Sort of related to my previous post on the communicative range of canine bodies –
I’m not denying the natural urge to anthropomorphize and to read, sometimes with great clarity, the emotional status of a dog through his head alone.
It’s just that this is where we, as humans, typically refer when trying to interpret meaning. The eyes, in particular, are where we look in the absence of speech. Great communicators will often pick up additional facial cues, because words are frequently insufficient on their own.
Perhaps we could all be more empathetic towards our own kind if we were given license to stare, because humans also express a lot with our entire bodies. The purpose of observation is not to chart a strict anatomical glossary, or learn how to read every twitch and turn “correctly.” Rather, the process itself would teach us to appreciate how meticulously we must consider our subject before we really get to know them. When you watch another long enough, even the slightest changes in posture, the slope and curve of a turned back, can tell you so much that language cannot… and that level of communication is simply amazing.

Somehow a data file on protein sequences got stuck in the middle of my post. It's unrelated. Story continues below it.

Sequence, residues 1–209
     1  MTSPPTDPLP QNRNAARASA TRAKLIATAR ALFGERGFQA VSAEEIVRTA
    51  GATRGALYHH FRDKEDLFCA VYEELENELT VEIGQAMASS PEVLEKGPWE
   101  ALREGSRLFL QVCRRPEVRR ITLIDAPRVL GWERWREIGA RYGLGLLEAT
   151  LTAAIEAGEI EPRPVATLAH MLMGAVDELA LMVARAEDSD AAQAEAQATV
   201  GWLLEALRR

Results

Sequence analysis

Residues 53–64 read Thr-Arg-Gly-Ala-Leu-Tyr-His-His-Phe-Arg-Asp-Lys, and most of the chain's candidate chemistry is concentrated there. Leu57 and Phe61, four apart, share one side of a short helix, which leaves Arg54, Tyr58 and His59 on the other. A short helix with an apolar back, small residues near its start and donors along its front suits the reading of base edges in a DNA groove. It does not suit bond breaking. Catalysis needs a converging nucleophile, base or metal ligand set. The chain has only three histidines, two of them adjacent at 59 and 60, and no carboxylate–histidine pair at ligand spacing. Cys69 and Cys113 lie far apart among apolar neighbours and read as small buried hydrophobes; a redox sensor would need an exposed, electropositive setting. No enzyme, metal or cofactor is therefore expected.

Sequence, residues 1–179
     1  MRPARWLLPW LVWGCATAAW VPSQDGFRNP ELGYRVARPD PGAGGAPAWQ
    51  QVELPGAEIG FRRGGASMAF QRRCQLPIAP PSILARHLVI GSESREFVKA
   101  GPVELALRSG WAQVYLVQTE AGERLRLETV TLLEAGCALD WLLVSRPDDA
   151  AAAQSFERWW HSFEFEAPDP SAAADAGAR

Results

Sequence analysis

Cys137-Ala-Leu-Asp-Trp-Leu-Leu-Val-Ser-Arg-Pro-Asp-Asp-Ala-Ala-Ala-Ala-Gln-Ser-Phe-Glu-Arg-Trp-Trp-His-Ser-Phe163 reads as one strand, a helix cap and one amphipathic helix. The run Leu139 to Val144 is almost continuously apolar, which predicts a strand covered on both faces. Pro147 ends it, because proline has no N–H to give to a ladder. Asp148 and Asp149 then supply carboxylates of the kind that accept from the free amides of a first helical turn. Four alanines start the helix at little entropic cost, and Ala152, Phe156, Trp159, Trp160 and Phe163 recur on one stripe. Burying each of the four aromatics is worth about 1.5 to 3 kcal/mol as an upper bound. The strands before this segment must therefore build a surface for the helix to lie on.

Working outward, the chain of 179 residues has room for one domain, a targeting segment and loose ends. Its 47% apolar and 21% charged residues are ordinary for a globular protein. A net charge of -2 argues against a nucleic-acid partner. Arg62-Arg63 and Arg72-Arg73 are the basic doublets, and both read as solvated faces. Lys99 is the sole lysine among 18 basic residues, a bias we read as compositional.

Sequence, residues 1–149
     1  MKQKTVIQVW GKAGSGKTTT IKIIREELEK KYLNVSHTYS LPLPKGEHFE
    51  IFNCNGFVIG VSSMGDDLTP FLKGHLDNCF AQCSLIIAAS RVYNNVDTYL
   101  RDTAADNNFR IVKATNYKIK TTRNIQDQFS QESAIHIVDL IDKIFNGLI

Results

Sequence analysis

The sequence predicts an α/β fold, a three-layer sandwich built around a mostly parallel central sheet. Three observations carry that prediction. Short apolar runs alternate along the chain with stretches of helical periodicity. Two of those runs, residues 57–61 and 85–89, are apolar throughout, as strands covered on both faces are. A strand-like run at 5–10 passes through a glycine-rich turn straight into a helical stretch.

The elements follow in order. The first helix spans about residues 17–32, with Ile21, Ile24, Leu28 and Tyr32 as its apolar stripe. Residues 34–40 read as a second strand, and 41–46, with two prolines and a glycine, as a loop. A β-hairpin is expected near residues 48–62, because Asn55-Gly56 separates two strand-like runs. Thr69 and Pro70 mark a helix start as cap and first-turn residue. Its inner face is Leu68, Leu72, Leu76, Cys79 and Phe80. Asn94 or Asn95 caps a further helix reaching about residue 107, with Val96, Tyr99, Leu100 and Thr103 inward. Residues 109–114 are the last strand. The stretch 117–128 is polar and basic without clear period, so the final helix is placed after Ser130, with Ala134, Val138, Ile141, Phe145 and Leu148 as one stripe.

But the feelings behind these physical cues might be expressed quite differently by another creature. So you have to constantly recalibrate, figure out again just what you’re looking at or for.
Even if you can’t articulate the precise significance, it’s important to recognize when change, even a subtle shift, has happened before your eyes. Truly, no storm comes out of the blue.